Disease Activity Tool, Carotid Plaque Predicts Cardiovascular Events in Patients with Psoriatic Arthritis

Coronary artery plaque
Coronary artery plaque
Researchers examined whether a disease activity tool and the presence of carotid plaques can predict cardiovascular events, independent of traditional risk factors, in psoriatic arthritis.

Higher Disease Activity in Psoriatic Arthritis (DAPSA) and the presence of carotid plaque are associated with increased risk for cardiovascular disease (CVD) events in patients with psoriatic arthritis (PsA), according to study results published in Annals of the Rheumatic Diseases.

Previous studies have suggested an increased risk for CVD in patients with PsA; therefore, the objective of the current study was to determine whether there is an association between DAPSA and subclinical carotid atherosclerosis and risk for CVD, independent of traditional CVD risk factors.

Framingham Risk Score (FRS), QRISK3 algorithm, Systematic Coronary Risk Evaluation (SCORE), and 10-year atherosclerotic CVD risk algorithm (ASCVD) were used to quantify the risk for CVD at baseline. A high-resolution ultrasound was used to determine the presence of carotid plaque and intimamedia thickness.

The study cohort included 189 patients with PsA (mean age, 48.9 years; 55.0% men) who were followed up since 2006. The primary outcome was first CV event, including ischemic heart disease, stable and unstable angina, myocardial infarction, transient ischemic attack, coronary insufficiency, peripheral arterial disease, stroke, and cardiovascular mortality.

After a median follow-up of 9.9 years, 27 patients (14.3%) developed a first CV event (1.6 events per 100 patient-years), including 14 (51.8%) ischemic heart disease, 5 (18.5%) myocardial infarction, 2 (7.4%) transient ischemic attack, 3 (11.1%) stroke, 1 (3.7%) congestive heart failure, and 2 (7.4%) coronary angioplasty for obstructive ischemic heart disease.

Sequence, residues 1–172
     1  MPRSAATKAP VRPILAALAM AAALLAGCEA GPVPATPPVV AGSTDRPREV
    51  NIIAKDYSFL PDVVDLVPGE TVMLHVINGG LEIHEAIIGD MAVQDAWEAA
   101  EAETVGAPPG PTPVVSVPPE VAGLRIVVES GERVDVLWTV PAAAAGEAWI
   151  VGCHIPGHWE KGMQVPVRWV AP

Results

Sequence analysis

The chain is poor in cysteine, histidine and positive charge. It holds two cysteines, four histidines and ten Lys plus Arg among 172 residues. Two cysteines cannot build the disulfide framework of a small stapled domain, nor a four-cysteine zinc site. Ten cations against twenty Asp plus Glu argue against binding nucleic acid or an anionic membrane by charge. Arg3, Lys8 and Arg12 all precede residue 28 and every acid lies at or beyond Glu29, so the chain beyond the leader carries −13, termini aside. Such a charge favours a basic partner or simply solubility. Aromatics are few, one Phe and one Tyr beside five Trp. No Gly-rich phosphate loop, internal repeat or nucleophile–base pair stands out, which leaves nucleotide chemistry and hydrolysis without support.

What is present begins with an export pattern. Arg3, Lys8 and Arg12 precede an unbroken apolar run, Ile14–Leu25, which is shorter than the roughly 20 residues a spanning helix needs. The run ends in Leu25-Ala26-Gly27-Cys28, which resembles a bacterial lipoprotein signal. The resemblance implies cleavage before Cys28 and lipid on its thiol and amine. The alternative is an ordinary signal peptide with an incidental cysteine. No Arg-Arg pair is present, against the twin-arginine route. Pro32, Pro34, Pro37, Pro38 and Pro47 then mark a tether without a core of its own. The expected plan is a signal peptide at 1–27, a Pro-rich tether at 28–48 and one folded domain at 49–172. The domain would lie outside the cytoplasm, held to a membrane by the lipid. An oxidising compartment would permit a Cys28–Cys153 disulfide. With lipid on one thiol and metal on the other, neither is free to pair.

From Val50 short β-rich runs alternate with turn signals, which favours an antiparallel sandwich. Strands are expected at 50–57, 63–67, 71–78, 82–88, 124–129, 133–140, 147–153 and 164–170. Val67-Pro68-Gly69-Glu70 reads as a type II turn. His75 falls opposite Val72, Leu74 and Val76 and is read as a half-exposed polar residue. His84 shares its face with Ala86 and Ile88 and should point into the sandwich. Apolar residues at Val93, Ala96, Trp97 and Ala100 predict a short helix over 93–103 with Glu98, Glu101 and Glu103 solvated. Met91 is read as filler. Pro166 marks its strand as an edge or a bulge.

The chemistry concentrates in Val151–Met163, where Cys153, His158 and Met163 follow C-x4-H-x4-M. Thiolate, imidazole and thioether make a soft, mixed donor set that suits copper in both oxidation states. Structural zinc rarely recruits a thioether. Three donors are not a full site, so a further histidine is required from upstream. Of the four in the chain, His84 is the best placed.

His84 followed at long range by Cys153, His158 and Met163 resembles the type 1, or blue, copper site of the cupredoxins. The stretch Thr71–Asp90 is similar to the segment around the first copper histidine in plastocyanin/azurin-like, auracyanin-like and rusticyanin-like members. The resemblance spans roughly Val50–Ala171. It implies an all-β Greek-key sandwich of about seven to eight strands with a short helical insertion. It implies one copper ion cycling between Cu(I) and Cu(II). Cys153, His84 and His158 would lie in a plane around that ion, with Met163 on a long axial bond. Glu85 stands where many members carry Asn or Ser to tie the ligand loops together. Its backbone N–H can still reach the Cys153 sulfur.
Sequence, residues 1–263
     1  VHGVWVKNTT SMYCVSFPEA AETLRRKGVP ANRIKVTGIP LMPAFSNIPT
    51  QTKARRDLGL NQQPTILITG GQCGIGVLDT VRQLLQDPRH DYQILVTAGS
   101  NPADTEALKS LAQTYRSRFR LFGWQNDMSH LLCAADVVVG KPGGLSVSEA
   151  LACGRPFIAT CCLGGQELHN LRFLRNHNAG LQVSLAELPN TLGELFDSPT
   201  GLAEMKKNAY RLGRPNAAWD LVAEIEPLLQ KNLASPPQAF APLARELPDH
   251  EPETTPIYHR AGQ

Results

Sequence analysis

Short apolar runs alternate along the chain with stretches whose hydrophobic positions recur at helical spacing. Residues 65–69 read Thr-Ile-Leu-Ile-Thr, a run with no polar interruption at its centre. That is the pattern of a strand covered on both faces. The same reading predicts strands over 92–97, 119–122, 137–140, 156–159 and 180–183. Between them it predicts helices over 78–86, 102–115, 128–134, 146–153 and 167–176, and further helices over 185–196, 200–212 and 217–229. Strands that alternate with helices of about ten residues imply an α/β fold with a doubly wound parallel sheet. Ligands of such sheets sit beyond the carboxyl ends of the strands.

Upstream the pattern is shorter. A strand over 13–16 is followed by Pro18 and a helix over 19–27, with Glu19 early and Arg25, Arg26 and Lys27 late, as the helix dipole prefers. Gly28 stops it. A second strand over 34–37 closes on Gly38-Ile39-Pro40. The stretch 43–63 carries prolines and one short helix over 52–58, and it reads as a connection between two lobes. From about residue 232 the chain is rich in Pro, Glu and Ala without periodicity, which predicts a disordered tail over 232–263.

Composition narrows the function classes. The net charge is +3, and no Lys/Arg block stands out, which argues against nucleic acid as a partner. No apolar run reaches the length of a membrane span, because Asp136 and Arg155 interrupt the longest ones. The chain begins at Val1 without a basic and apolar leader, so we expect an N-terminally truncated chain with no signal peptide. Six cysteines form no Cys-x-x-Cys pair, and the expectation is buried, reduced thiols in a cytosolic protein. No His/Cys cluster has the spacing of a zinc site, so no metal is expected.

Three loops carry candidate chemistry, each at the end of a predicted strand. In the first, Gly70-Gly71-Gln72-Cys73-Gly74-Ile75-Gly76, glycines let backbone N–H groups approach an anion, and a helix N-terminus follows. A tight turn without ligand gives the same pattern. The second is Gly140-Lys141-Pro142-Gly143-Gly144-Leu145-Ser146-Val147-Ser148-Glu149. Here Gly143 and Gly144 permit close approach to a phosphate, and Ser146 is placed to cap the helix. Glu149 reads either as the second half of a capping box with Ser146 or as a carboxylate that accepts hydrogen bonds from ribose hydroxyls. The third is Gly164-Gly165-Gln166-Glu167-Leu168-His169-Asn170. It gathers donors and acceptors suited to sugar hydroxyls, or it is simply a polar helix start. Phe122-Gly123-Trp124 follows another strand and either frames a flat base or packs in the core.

Statistical analysis showed an association between increasing DAPSA and higher risk for CV events over time (hazard ratio, 1.04; 95% CI, 1.01-1.08; P =.009). The association remained significant after adjustment for all CV risk scores.

A total of 154 (mean age, 49.4 years; 58.4% men) patients received carotid ultrasound assessment. Of these, 23 (14.9%) patients experienced a first CV event (1.7 events per 100 patient-years). The presence of carotid plaque was associated with an increased risk for CVD, independent of DAPSA, with hazard ratios of 2.35 (95% CI, 1.02-5.42) after adjustment for FRS, 2.60 (95% CI, 1.14-5.96) after adjustment for ASCVD, 2.93 (95% CI, 1.29-6.67) after adjustment for QRISK3, and 3.42 (95% CI, 1.54-7.56) after adjustment for SCORE.

Study limitations included the relatively small number of patients with CVD, missing data on total plaque area, plaque vulnerability and vascular inflammation, and the lack of assessment of the effect of systemic steroids on CV risk.

“[T]his study shows that inflammatory burden as reflected by DAPSA and the presence of [carotid plaque] could independently predict CV events in addition to traditional CV risk factors,” the researchers concluded.


Lam SHM, Cheng IT, Li EK, et al. DAPSA, carotid plaque and cardiovascular events in psoriatic arthritis: a longitudinal study. Published online July 31, 2020. Ann Rheum Dis. doi:10.1136/annrheumdis-2020-217595